The wild card in all of this is China. The dollar is still strong against that country's currency, the yuan, because the Chinese government has kept the exchange rate fixed. Schiff thinks this is "unsustainable"—he notes that the weak yuan has helped set off high inflation within China—but other observers say they have a hard time imagining China abruptly pulling the plug. It would run contrary to China's core economic development policies, says Milton Ezrati, senior economic strategist for Lord Abbett mutual funds. The Chinese prop up the dollar not because they love America but so we'll keep buying their blue jeans and DVD players.
How to sleep more soundly For a start, remember that a falling dollar is only a serious problem if it happens too fast. If you have a blue-chip stock fund, many of the big U.S. companies you own stand to gain if a cheap dollar opens up overseas markets to their products. That said, the big dollar swings we've seen are a reminder of how important international and inflation-hedging investments can be to a well-diversified portfolio. Since these assets often gain when the broad U.S. market falters, they'll smooth out your returns over time. What's more, they may do best just when higher interest rates and retail prices are pinching your pocketbook.
So whatever the dollar's near-term prospects, these four investment strategies make long-term sense:
• FOREIGN STOCKS Many financial planners say that, as a rule of thumb, you ought to have 10% to 15% of your portfolio in non-U.S. stocks. The currency play is just one part of the appeal. Many overseas markets look cheaper than ours based on price-to-earnings ratios, and they often follow a different economic cycle to boot. But when the dollar drops, an American investor who holds a stock that's denominated in euros makes money even if the share price doesn't budge. The simplest way to get the diversification benefit of foreign stocks is through an international fund that doesn't hedge its exposure to overseas currencies, such as Artisan International (800-344-1770). Just remember that foreign funds aren't a perfect haven from dollar drops, since the stocks can still lose money even after you account for currency moves. That's exactly what happened in 2002, when the greenback fell and foreign funds still racked up double-digit losses.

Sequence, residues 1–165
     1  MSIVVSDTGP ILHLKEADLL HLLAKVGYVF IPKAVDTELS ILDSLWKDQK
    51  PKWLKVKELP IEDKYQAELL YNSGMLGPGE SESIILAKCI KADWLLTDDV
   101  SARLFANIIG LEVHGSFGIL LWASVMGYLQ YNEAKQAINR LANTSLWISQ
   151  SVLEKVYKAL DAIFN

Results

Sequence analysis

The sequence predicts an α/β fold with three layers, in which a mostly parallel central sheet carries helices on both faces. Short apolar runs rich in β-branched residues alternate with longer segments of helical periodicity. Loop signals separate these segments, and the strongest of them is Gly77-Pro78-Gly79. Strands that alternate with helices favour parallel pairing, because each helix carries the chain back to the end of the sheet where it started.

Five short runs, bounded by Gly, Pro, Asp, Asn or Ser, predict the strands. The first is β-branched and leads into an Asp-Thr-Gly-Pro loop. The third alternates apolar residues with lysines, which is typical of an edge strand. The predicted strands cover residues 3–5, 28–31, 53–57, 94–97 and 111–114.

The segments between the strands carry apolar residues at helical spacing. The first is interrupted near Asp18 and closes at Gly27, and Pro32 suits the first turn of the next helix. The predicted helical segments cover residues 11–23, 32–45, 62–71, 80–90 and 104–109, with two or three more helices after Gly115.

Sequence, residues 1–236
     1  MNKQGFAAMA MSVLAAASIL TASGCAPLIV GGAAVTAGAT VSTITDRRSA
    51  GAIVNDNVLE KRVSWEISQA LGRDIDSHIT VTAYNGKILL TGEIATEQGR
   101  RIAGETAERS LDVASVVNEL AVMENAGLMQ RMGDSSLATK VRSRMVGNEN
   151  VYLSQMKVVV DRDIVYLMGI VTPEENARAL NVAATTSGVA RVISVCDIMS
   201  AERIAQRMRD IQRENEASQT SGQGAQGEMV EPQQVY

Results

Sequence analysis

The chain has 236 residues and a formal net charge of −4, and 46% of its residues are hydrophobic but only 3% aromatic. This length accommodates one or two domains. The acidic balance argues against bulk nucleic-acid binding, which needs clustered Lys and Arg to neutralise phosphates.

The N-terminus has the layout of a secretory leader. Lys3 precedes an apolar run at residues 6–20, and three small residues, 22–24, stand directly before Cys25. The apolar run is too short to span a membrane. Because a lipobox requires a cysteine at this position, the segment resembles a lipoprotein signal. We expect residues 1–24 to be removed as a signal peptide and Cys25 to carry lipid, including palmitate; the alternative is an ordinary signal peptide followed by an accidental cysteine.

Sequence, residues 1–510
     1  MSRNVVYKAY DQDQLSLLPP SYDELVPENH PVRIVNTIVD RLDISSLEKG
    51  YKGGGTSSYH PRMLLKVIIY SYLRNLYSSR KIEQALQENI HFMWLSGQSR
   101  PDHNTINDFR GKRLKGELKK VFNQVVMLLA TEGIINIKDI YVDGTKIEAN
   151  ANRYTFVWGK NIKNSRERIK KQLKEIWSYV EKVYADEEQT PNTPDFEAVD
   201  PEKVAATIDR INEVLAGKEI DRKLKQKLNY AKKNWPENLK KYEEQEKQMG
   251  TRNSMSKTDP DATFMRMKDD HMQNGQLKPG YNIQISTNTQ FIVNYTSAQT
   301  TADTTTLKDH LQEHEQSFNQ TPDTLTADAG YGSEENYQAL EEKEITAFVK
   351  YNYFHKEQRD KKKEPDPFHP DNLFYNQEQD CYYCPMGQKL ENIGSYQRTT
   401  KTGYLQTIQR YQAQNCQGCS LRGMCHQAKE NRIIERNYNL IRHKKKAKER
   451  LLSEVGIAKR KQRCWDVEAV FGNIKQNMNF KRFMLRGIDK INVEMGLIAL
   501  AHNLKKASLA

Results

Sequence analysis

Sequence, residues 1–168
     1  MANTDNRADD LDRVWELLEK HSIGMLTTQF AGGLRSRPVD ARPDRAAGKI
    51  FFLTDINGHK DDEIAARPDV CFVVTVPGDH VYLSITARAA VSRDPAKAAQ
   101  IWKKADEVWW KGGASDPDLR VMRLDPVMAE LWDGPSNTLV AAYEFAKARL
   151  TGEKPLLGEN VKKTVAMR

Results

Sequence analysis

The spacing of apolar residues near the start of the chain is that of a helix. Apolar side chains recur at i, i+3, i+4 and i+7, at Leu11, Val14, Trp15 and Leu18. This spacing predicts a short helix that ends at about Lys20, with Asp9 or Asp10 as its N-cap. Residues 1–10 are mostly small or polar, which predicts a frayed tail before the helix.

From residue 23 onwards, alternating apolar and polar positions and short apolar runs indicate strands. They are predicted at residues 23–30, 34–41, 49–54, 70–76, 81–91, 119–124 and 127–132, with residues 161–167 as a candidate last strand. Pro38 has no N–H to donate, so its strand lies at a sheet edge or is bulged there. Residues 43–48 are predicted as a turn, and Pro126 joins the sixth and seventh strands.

• FOREIGN BONDS If most investors could benefit from a foreign-stock fund, overseas bonds offer a somewhat narrower appeal. They can be a much more direct bet against the dollar than the equity funds, since a greater portion of their return may come just from currency swings. (After all, the bonds themselves will generally have fairly modest gains or losses in most years.) The problem is that many international bond funds hedge their currency exposure, eliminating some of the advantage when the dollar falls. One fund that stays mostly unhedged is American Century International Bond (800-345-2021). Foreign bonds could be 20% of your bond portfolio, says Andrew Clark, a senior analyst at Lipper.
• HARD ASSETS Remember, one of the risks of a weak dollar is rising prices. Commodity investments are classic inflation fighters, and many planners recommend a 5% to 10% allocation in one. Pimco Commodity Real Return Strategy (866-746-2602) fund tracks an index of commodity contracts, benefiting directly from rising prices for oil, precious metals and agricultural goods. This can be a volatile investment—in 1998 the index Pimco tracks dropped about 30%—so it's suited only for those with plenty of stomach for short-term risk. A more conservative way to make a similar bet is Charles Ober's T. Rowe Price New Era (800-638-5660), which invests in the stocks of commodity producers like mining companies and oil conglomerates.
• INFLATION-PROTECTED BONDS The most straightforward hedge against inflation is inflation-protected Treasuries, or TIPS, which are designed to automatically pay more income as the consumer price index rises. You can buy them directly by going to treasurydirect.gov, or get an entire portfolio of them through Vanguard Inflation-Protected Securities fund (877-662-7447). TIPS are a pretty conservative investment, so if inflation and the falling dollar really worry you, you can consider making them the lion's share of your overall bond portfolio.